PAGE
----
Friday, May 28, 2010

Imaginary play

Last week, I got out an old Little Tikes train set for my daughter to play with. It used to belong to my husband when he was little, and we came across it in my in-laws' attic recently. Now, certainly we have PLENTY of toys around these parts, but there's just something fun about bringing out something NEW (or new to her!) to play with for a while. This gives me a great chance to do some rotating of toys and put away things that she hasn't touched for a while. I can store the items in a Rubbermaid box that I think she'll likely come back to at some point, and box up the things she's grown out of to send to the attic (until we decide what the heck we're doing -- or IF we're doing -- about #2 :).

After a little washing, the train set was good as new and ready for another child... only 25 or so years after the last one. :) She played with it ALL afternoon, taking a break only for lunch and naptime. Woohoo!

Don't you just love to watch and listen to your children playing independently? Their imaginations are just hysterical! These two fellas in the train car were put there by my girl, facing each other, because "they're just talkin'." LOVE IT! :)

What are your child's favorite play activities? What funny things have you overheard your little ones saying as they make-believe?

Wednesday, May 26, 2010

Weekly Read Wednesday: Every Year On Your Birthday

I Love You Like Crazy Cakes by Rose Lewis holds special meaning for me. It's on a high shelf in my daughter's room, only pulled down once in a while. So when I saw Every Year On Your Birthday by the same author in a bookstore a few months ago, I knew I had to read it.

For those who are not aware, I'm an adoptive mother. My daughter was not adopted internationally, as the author's daughter was, but there are still so many of the same themes in her books of the thoughts and feelings you might have as an adoptive family.

In Every Year On Your Birthday, the author remembers each of her daughter's first five birthdays, and recalls the special events that happened on each of those days.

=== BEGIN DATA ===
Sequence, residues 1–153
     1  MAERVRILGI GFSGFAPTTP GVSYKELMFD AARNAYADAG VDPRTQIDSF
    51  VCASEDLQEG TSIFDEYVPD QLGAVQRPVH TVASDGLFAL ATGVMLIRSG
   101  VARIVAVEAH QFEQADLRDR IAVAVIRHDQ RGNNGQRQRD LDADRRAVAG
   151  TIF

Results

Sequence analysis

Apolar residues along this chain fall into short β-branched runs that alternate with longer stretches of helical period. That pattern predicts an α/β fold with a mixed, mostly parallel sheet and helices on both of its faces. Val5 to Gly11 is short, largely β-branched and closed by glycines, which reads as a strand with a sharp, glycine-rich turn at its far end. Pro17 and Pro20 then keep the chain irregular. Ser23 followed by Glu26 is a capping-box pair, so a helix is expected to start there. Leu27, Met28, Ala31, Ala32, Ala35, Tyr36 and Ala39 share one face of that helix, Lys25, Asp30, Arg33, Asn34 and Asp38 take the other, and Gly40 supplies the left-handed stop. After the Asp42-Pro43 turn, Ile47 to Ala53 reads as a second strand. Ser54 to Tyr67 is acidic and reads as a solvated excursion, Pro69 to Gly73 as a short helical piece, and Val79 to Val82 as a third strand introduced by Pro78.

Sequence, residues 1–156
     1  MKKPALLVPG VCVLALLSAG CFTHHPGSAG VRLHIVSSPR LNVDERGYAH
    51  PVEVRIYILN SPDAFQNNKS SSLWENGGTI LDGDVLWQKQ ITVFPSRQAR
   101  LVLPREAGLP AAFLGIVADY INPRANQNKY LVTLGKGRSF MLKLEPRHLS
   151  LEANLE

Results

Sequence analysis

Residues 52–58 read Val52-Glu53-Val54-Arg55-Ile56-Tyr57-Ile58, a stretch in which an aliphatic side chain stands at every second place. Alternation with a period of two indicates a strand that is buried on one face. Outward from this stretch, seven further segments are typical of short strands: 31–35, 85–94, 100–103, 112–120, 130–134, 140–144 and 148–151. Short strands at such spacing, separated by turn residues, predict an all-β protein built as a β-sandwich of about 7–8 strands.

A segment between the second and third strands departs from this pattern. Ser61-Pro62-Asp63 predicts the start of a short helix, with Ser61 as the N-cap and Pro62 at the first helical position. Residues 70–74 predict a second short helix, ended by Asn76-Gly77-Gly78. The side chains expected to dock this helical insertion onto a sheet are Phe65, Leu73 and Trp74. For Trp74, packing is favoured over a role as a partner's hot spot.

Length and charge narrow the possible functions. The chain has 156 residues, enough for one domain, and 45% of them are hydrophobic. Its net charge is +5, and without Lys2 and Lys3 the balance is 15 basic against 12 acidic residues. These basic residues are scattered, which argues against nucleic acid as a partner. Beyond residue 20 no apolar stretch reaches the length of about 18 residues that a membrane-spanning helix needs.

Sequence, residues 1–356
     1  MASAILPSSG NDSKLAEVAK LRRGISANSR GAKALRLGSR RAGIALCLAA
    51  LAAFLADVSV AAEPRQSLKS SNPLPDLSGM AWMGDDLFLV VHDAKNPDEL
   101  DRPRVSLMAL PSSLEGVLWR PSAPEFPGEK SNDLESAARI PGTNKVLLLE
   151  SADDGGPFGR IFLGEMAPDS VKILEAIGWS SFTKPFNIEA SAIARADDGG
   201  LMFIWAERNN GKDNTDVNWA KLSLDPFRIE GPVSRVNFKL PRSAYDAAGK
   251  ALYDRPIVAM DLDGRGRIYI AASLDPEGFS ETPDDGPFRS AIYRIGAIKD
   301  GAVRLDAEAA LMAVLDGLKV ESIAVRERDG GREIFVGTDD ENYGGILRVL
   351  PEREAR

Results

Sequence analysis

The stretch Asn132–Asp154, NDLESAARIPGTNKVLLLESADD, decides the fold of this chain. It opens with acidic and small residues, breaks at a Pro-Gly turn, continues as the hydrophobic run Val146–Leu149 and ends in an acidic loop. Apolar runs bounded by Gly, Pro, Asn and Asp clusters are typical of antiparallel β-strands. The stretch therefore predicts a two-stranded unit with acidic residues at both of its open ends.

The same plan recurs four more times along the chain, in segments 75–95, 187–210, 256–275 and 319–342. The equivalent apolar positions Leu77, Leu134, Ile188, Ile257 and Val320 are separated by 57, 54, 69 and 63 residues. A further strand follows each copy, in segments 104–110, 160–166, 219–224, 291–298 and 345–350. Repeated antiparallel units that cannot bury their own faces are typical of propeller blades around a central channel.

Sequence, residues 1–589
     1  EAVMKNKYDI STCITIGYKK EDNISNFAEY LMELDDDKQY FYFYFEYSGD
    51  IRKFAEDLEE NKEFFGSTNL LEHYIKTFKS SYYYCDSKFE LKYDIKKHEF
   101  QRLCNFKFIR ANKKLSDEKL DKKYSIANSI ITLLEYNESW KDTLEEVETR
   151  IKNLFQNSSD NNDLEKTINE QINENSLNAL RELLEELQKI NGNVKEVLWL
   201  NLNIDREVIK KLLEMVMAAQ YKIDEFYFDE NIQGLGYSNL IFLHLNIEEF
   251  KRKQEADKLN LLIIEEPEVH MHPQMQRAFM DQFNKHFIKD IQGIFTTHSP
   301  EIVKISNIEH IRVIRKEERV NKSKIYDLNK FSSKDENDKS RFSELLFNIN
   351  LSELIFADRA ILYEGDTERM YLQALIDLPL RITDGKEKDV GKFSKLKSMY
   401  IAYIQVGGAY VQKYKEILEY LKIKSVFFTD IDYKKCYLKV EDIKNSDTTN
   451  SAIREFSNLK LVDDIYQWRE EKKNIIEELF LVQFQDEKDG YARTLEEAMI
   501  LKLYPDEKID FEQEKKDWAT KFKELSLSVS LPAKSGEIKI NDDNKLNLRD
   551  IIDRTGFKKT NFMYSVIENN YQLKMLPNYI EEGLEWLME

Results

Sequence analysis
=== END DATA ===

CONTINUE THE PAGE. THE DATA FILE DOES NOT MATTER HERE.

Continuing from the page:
In between, she mixes in "flashbacks" almost of where her daughter came from, what her heritage is, and the hopes she has for her daughter's first family.

As in Crazy Cakes, the last page could easily make me cry. Mom and daughter think about her first family. As a mommy through adoption, I so want my daughter to know that it's okay and good and normal to wonder about her heritage, and that it's a "safe" topic in this house. I don't ever want her to feel like she can't ask a question she has, and while hers is an open adoption, there will still be questions someday as she makes sense of everything in her own mind. I hope that reading books such as these, and just making the topic available to her, will help set the tone for future conversations, and let her know that we as her parents love her exactly the way she is, no matter what.

Monday, May 24, 2010

DIY Bible storybook

My husband had to be out of the house one evening last week, and at the end of a long day, I was a little tired and running out of ideas to entertain our daughter for the hour or so before bedtime. About three seconds after Daddy left, she was asking me to paint. And, I should mention -- she'd already had her bath, so MESSY painting was not an option. :) I tried to coax her into doing some coloring, even with stickers, but nope! It had to be painting! Here's what we came up with on the fly:

You will need:

I gave her one picture at a time, in order, and let her paint away.